John Kim UCLA

The Importance of Speech and Debate in Schools for Future Careers

Most students won’t put every textbook lesson to use in their future careers. Think about it, realtors are no more likely to use quadratics in selling a house than doctors are to recite Keats at a checkup. But one little-known class that provides skills for any career is speech and debate.

Speech and debate classes can help students to prepare for, find, and function in their future careers by increasing their performance at school, improving their interview dexterity, and strengthening people and work skills such as listening, self-confidence, communication, reasoning, empathy, collaboration, and diligence.

While most things are pretty debatable, it would be hard to argue against the benefit of including speech and debate in the classroom setting. John Myungjune Kim explores how this often-overlooked course may actually be more useful than some of its textbook-heavy companions.

Benefits School Performance

Given the breadth of topics they may be asked to debate, speech and debate classes can expose children to a wide range of new concepts, insights, and perspectives. Some of these topics may even spark their interests enough to influence the direction of their future careers.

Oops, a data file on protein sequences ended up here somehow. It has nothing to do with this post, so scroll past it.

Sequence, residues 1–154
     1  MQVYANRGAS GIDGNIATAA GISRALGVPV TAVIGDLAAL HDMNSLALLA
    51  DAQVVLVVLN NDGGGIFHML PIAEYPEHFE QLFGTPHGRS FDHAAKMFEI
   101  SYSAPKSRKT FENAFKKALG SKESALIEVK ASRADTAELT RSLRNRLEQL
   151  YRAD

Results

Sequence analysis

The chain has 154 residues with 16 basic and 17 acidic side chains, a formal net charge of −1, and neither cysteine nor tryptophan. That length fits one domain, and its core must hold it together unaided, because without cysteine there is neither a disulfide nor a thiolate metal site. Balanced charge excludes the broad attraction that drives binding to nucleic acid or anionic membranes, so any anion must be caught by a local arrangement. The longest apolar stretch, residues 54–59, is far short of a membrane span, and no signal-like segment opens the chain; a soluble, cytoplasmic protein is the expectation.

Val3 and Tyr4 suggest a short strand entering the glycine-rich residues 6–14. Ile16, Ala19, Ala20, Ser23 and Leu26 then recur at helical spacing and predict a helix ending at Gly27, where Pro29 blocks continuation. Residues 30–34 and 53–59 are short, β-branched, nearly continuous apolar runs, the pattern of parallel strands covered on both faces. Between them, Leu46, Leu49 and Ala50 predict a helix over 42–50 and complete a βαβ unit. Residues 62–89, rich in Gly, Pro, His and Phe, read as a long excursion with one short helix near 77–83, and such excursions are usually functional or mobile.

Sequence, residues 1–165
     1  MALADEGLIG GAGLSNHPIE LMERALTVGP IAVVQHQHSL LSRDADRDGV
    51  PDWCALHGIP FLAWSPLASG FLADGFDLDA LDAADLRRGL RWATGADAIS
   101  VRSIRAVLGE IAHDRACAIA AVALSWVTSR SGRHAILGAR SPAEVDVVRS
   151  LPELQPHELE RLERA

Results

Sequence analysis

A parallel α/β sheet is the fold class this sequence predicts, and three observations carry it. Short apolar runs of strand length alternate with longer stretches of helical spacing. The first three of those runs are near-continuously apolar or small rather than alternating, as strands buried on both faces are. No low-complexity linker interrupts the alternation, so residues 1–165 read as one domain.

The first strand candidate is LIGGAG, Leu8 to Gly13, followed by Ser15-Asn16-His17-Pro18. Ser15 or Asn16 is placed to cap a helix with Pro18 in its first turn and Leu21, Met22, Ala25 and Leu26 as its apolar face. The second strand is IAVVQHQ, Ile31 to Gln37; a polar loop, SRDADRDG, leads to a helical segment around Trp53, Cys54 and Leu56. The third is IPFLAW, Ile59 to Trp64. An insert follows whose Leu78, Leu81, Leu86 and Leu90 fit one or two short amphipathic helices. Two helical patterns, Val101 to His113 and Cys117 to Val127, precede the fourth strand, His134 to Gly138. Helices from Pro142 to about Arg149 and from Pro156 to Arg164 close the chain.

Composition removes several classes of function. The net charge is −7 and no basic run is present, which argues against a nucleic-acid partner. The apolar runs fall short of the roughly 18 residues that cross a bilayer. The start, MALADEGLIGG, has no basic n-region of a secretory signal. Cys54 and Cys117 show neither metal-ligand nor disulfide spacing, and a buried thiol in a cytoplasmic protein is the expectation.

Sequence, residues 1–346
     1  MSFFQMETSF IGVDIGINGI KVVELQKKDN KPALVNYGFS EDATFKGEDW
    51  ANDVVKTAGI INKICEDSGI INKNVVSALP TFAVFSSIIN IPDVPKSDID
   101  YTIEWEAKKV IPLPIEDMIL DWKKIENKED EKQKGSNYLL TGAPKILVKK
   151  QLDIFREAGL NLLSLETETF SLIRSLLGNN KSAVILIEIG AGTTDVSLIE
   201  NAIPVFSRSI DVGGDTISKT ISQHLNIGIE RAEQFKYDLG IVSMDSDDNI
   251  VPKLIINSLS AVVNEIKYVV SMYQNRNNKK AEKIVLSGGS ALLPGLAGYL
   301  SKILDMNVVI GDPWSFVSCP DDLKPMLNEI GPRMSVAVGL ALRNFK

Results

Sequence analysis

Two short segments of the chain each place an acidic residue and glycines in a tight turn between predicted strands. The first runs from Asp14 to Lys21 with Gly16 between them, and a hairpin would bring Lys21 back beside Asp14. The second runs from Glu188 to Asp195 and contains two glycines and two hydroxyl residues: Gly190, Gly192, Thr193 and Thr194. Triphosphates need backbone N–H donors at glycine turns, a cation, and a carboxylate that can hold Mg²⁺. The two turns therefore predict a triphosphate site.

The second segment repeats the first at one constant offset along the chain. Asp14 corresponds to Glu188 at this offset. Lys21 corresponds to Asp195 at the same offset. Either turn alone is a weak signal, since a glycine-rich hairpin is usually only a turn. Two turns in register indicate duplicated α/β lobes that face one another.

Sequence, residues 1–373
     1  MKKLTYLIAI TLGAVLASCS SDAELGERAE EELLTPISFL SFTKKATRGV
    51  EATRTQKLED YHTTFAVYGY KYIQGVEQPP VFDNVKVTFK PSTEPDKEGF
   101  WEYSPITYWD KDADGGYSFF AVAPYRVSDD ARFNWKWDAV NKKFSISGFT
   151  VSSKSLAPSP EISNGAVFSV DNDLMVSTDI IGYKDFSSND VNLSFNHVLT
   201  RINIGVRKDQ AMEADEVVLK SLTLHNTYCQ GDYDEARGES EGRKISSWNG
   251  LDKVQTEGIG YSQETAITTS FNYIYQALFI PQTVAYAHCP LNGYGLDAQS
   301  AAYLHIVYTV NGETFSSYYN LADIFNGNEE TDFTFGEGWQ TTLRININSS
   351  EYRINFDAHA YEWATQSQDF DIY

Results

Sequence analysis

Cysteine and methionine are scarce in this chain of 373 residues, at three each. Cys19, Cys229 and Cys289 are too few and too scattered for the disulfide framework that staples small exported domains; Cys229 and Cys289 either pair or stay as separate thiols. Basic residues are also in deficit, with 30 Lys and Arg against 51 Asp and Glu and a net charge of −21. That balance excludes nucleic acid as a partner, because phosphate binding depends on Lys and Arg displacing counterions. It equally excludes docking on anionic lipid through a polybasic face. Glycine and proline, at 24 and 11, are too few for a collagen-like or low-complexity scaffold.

In addition to these broader goals, however, speech and debate can also help children with skills more immediately applicable to their school years, like:

  • Listening
  • Research
  • Writing
  • Time management
  • Public speaking
  • Collaboration

Regardless which side of an argument students are assigned to cover, and which side presents first, every debate will require participants to listen to their opponents’ arguments, the input of their team members, and the guidance of their instructors.

For children who struggle to pay attention in class, the participatory nature of speech and debate may make listening easier. Some students may also find the competitive aspect of debating an additional incentive to put forth their best efforts.